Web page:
“What seems to almost be a mystery are Elvis’ performances at Lake Tahoe. Not much seems to be said about these shows, but Elvis performed at Del Web’s Sahara Tahoe, now the Horizon, in 1971, ’73, ’74 and ’76 for a total of 98 shows. Elvis performed only once in Reno at the Centennial Coliseum, now called the Reno-Sparks Convention Center, on Nov. 24, 1976.

Elvis Presley Exhibit @Imperial Palace

Joe Esposito, Elvis' tour manager, at King's Ransom Museum's Elvis Presley exhibit at the Imperial Palace. Launch slideshow »

“As a white artist, Elvis had such an importance and a deep impact on the history of music and for the barriers of music to be knocked down. Elvis was the most controversial person in music at the time his career took off in the early 1950s.

“He liked fancy and bright clothing that he bought from Lansky Brother’s Clothing on Beale Street in Memphis and wore his hair in a pompadour style. The way Elvis danced and moved onstage was seen as too suggestive and vulgar to many people, but Elvis was just doing what came natural to him when he sang and moved to music.

“He not only revolutionized the way we listen to music and for music to be accepted, but he set off hysteria felt around the globe. When Elvis came on the scene, black artists were not on white radio. Music was segregated; there were ‘race records.’ Elvis opened the doors for people to accept black music. People went back and discovered Little Richard and other fantastic black artists.

“It became so popular that legendary music producer Jerry Wexler changed the phrase from race records to R&B. Rhythm and blues was now accepted, and black artists were being recognized and went from local and regional acts to international stars.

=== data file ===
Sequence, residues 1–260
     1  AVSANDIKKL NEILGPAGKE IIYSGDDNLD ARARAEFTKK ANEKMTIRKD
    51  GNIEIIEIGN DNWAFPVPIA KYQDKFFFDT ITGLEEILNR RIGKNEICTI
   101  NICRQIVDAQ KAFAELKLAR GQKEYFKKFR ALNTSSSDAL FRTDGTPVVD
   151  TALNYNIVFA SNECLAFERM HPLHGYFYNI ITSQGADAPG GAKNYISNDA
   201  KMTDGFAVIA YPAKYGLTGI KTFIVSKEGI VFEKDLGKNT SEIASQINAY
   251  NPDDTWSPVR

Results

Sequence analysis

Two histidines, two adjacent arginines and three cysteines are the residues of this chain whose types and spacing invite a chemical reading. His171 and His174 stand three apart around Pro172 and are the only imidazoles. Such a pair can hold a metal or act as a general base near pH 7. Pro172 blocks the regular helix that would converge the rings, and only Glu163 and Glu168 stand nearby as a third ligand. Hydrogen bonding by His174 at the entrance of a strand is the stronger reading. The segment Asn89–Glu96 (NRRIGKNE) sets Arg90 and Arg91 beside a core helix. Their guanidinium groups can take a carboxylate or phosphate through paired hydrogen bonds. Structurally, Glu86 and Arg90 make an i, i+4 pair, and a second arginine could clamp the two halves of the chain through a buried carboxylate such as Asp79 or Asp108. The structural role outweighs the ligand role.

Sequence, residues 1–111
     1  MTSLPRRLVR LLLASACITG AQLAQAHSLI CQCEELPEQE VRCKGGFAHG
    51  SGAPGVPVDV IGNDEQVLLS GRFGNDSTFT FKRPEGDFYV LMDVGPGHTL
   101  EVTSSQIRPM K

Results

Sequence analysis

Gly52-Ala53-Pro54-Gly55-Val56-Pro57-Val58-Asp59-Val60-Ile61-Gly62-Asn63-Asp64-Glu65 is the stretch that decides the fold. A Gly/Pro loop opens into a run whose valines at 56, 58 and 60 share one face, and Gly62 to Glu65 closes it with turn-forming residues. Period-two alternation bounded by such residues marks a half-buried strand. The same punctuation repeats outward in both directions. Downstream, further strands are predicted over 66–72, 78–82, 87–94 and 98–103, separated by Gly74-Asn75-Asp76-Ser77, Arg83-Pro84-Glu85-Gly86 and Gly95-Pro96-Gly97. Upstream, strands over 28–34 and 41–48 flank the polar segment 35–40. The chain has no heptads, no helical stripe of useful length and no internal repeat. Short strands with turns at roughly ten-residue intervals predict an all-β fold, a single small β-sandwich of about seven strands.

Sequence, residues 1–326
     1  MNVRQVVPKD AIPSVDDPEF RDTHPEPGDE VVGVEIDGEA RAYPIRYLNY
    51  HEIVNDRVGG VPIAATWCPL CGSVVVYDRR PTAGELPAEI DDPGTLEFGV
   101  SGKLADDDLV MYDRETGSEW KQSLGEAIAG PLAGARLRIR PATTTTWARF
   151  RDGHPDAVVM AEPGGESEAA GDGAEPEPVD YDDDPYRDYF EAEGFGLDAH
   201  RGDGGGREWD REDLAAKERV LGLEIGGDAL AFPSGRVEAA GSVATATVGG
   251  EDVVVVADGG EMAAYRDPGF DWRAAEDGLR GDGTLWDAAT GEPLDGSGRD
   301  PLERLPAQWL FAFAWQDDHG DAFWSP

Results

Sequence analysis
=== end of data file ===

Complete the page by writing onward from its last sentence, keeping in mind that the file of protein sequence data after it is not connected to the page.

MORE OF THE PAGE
“From Paul McCartney and John Lennon to Jimmy Page and Robert Plant, to Tom Petty and Bruce Springsteen, all were all influenced by Elvis. There was truly nobody like him. He was a unique performer, and he was the American dream. He came from humble beginnings and became the biggest superstar in the world and sold more records than anyone else in the history of music.

“All the while maintaining his gracious ways and manners and always appreciating his fans. This is part of what endeared himself to the world along with his tremendous talent, charisma and showmanship. Younger generations are becoming Elvis fans because they enjoy what he was all about and realize his importance and iconic status in the history of music.

“That is why Elvis continues to be so relevant and influential today. So, sit back, put on some Elvis music and enjoy your day.”

Our thanks to Cory for his insights. He is a gifted speaker on the topic of Elvis.

Robin Leach has been a journalist for more than 50 years and has spent the past decade giving readers the inside scoop on Las Vegas, the world’s premier platinum playground.

Follow Robin Leach on Twitter at Twitter.com/Robin_Leach.

Follow Vegas DeLuxe on Twitter at Twitter.com/vegasdeluxe.

Follow Sun A&E Senior Editor Don Chareunsy on Twitter at Twitter.com/VDLXEditorDon.